Cavalry Major Isaiah Stillman (1793–15 April 1861) led Illinois militia in the first armed confrontation of the Black Hawk War against Black Hawk’s Sauk Indian Band. The first armed confrontation would be named Battle of Old Man's Creek, but would later be named Stillman's Run.
Isaiah Stillman was born and raised in the state of Massachusetts, but he left the east and traveled to Illinois to become a trader of pots, pans, and other items. For a time, he lived in Coopers Creek Landing in Fulton County, before deciding to join the Illinois militia as a captain at the age of 35 in 1827. By the early part of 1832, Isaiah had attained the rank of brigadier general elect. With this new position, he gained the responsibility of defending everything west of the Illinois River. This land was mostly an empty place, with few First Nation's tribes and settlements. In April 1832, Governor Reynolds Governor of Illinois John Reynolds ordered Stillman to raise a battalion for the Illinois militia. He was unable to recruit a full battalion, so he was made a major rather than a general. The next year after Black Hawk War, he was promoted to general.
He died in Kingston, Peoria County, on April 15,
Chief Master Sergeant of the Air Force Richard D. Kisling (October 11, 1923 – November 3, 1985) was the third Chief Master Sergeant appointed to the highest non-commissioned officer position in the United States Air Force.
Chief Master Sergeant of the Air Force Richard D. Kisling was adviser to Secretary of the Air Force Robert C. Seamans Jr. and Chief of Staff of the Air Force Gen. John D. Ryan on matters concerning welfare, effective utilization and progress of the enlisted members of the Air Force. He was the third chief master sergeant appointed to this top noncommissioned officer position.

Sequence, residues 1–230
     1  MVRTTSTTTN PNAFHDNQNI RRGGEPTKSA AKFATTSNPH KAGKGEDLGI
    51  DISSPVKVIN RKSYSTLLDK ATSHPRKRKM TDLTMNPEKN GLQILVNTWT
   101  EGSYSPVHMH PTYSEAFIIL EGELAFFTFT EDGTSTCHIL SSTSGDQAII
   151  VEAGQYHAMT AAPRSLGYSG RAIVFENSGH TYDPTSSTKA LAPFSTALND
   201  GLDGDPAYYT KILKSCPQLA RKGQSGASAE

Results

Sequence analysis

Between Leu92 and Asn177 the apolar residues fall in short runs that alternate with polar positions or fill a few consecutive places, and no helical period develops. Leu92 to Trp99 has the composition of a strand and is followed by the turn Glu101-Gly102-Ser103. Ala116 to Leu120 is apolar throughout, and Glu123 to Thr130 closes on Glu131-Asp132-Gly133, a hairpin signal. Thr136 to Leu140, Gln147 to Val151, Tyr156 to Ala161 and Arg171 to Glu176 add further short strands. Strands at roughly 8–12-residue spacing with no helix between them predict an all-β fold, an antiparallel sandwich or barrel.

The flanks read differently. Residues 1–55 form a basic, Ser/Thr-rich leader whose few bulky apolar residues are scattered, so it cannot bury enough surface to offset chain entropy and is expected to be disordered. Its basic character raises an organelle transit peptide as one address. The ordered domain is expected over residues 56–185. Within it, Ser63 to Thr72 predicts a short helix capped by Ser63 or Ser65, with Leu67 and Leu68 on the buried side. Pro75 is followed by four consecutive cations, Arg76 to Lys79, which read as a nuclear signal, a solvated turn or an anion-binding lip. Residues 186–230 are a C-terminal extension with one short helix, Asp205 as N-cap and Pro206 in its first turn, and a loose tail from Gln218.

Chief Kisling was born in Mapleton, Iowa, and graduated from Castana High School, Castana, Iowa in May 1941. He entered the U.S. Army in July 1944 and served overseas in the European area with the 3rd Infantry Division and 88th Infantry Division. In April 1947, he re-enlisted in the Army Air Corps and was assigned to the Mobile Training Unit, Chanute Field, Illinois. When the Air Force became a separate military service in 1947, he transferred to the Air Force and was in the personnel field during most of his subsequent career. In May 1948, he transferred to Hamilton Air Force Base,
Lieutenant General Russell C. Davis (born November 22, 1938) was Chief, National Guard Bureau in Arlington, Virginia.
Davis began his military career in the U.S. Air Force in 1958 as an aviation cadet. Following pilot training, he was assigned at Lincoln Air Force Base, Nebraska. He was released from active duty in April 1965, when he joined the Iowa Air National Guard in Des Moines. He has served in numerous command and staff positions, from squadron pilot to director of operations. Davis commanded the 113th Tactical Fighter Wing prior to being appointed the Commanding General of the District of Columbia National Guard. He was appointed Vice Chief of the NGB in December 1995. He retired November 1, 2002, the last aviation cadet to do so. He was also on the board of directors of the Community Anti-Drug Coalitions of America.